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Monday, June 30, 2014 - 7:24pm
EL PASO (KDBC) — A decision from the nation's highest court is stirring debate in the Borderland over women's rights.
In a 5-4 ruling issued Monday, the Supreme Court decided some for-profit companies should not be forced to cover certain types of birth control for their employees if it goes against the corporation's religious beliefs.
National craft store chain Hobby Lobby was one of more than a dozen lawsuit plaintiffs leading the charge against a provision of the Affordable Care Act which requires employers to provide coverage for contraceptives.
At the center of the debate, the so-called "morning-after pill," which Hobby Lobby and the other plaintiffs equate with abortion.
Hobby Lobby has two El Paso locations and one in Las Cruces.
The founder of Stand With El Paso Women, a local women's group, called the decision a "slippery slope."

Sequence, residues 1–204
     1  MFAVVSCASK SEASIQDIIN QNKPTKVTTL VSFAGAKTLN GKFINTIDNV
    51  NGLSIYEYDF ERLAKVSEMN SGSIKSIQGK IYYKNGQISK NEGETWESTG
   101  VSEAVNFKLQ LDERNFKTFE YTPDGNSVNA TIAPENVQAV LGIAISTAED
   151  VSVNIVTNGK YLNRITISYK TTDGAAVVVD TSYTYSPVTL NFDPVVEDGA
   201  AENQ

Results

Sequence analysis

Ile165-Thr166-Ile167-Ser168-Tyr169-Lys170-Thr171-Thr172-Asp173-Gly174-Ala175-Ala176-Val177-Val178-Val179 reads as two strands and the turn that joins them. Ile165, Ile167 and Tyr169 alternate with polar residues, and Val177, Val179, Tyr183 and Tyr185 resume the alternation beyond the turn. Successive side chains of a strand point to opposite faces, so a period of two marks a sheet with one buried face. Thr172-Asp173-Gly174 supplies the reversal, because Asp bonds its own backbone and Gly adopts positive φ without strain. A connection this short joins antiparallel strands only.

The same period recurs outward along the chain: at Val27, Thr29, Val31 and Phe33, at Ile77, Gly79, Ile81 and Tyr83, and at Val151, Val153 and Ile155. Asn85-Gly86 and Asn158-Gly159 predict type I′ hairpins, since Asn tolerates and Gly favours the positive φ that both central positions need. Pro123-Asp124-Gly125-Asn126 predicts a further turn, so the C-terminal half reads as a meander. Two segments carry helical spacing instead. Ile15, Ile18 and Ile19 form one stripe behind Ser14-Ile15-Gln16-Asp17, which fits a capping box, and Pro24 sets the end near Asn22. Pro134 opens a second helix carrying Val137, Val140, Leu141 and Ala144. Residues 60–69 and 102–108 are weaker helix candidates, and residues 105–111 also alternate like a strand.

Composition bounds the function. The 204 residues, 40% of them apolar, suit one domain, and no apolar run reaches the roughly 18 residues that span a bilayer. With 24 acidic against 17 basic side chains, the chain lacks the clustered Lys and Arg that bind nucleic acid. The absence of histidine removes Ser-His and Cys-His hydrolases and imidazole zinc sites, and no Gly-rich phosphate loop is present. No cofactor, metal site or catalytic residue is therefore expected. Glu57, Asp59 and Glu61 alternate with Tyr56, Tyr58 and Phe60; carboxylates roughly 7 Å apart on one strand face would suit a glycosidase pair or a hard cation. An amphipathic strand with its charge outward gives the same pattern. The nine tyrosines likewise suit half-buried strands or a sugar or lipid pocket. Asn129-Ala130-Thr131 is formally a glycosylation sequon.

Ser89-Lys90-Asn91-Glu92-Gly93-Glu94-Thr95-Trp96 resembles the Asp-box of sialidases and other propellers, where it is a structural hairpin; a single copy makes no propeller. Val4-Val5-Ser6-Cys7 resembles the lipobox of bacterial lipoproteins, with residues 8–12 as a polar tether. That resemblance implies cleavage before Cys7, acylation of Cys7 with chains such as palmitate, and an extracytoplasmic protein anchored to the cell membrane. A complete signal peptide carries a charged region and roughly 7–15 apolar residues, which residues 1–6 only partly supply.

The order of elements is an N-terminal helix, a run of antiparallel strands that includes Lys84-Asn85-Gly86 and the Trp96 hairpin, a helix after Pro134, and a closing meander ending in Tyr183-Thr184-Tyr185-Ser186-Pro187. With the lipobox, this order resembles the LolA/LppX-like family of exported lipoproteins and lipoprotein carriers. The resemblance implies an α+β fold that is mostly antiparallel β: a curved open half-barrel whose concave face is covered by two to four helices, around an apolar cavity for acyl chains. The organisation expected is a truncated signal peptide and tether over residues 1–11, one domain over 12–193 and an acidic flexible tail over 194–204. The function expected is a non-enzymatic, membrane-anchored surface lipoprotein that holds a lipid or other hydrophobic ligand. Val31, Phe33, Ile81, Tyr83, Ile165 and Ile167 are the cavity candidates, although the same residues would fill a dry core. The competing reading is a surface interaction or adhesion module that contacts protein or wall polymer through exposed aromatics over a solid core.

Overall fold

"I'm not sure where it stops," said Lyda Ness-Garcia. "You (as a company owner) could be a Jehovah's Witness and decide you don't want to cover blood transfusions, you could decide not to cover vaccinations. Scientologists could decide not to cover anti-depressants."
But anti-abortion group Texas Right to Life praised the ruling, calling it a win for religious freedom and companies' rights.
"Today is a critical victory for the Pro-Life movement," the group said in a statement. "Since President Obama's pro-abortion administration defined...drugs like Plan B as 'contraception' in the (ACA) mandate, this challenge was necessary."
Monday's decision seemed to be split along political ideologies with the justices appointed by Republican presidents siding with Hobby Lobby.